Scientists develop fast bacteria detector

US - A new DNA-based test machine for identifying deadly bacteria is faster, easier to use and more precise than some methods currently used by food and beverage processors, according to research by the US's department of agriculture.

Scientists at the department say they have developed a machine called a “flow cytometer” that can handle up to 100 samples at a time and identify Listeria monocytogenes and Candida albicans bacteria with accuracy within a day.

Listeria is a hardy pathogen that resists freezing, drying and heat processes and has been responsible for numerous and sometimes deadly outbreaks of food poisoning infections around the world. Candida, a yeast, can be lethal to individuals with weakened immune systems. It is one of a number of yeasts that can cause spoilage in food and drinks.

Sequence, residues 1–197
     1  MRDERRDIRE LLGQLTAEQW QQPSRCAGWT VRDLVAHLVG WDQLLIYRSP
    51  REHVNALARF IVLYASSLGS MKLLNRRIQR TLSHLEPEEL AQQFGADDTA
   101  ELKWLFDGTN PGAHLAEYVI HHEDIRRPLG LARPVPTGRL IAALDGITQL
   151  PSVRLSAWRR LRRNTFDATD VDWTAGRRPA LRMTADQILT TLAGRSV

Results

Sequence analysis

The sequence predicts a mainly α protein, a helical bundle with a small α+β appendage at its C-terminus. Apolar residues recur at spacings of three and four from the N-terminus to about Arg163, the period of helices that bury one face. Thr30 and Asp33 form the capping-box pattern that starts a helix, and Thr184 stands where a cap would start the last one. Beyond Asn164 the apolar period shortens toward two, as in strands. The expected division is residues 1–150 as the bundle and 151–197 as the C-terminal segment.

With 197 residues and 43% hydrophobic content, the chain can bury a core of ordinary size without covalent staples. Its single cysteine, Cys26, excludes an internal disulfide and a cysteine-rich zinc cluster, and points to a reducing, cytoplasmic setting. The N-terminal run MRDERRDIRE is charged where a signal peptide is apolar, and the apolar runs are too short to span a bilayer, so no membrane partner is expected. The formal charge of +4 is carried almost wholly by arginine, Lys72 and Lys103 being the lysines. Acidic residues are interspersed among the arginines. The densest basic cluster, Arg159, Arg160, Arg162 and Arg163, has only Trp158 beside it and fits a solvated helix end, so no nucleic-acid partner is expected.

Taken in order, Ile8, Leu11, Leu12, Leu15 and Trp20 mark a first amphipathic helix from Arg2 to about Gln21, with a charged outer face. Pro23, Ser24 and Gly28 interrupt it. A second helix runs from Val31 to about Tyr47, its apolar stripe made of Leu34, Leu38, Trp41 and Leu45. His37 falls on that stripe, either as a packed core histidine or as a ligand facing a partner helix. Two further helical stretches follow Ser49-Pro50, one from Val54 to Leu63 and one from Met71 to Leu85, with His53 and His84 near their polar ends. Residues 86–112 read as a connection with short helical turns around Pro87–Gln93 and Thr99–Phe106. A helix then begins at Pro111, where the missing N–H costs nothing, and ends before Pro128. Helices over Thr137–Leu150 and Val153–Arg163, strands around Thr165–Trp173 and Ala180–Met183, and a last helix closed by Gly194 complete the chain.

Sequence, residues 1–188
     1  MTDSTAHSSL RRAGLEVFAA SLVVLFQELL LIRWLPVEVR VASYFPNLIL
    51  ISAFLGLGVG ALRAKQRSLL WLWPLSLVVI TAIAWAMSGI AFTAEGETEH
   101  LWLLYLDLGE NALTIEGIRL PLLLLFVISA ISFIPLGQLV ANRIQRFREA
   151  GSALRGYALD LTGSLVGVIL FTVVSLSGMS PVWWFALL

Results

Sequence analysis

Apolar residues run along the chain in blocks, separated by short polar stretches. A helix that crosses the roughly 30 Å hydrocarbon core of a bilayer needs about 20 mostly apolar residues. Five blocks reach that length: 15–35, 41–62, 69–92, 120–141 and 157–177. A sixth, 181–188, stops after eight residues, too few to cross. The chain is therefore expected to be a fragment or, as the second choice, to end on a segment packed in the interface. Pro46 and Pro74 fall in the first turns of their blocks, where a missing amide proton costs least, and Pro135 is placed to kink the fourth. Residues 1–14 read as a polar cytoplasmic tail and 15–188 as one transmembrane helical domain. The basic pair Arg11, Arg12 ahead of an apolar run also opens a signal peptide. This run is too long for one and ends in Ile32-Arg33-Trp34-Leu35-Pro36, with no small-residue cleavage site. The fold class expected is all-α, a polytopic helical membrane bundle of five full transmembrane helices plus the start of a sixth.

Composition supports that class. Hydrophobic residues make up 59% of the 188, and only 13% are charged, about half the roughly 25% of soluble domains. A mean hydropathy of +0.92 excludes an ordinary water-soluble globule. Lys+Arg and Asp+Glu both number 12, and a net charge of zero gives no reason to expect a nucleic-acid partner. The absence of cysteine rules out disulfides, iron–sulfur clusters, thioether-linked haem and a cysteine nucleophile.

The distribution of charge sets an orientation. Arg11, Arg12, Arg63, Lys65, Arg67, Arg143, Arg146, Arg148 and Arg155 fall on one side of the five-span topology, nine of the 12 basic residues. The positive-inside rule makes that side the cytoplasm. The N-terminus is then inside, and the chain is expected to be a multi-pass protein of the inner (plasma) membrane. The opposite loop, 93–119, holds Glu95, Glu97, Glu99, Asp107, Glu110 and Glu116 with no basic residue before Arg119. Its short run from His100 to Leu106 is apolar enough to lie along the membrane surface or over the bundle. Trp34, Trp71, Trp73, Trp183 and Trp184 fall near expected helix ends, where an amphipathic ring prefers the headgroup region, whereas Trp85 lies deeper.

Currently pulsed-field gel electrophoresis (PFGE) is considered the best method for genetically identifying Listeria bacteria that cause food poisoning. But PFGE is difficult to run, takes about three days to produce a result and has several disadvantages that complicate efforts to determine the relationships between different bacteria, say the scientists.

calendar icon 5 July 2005
clock icon 1 minute read
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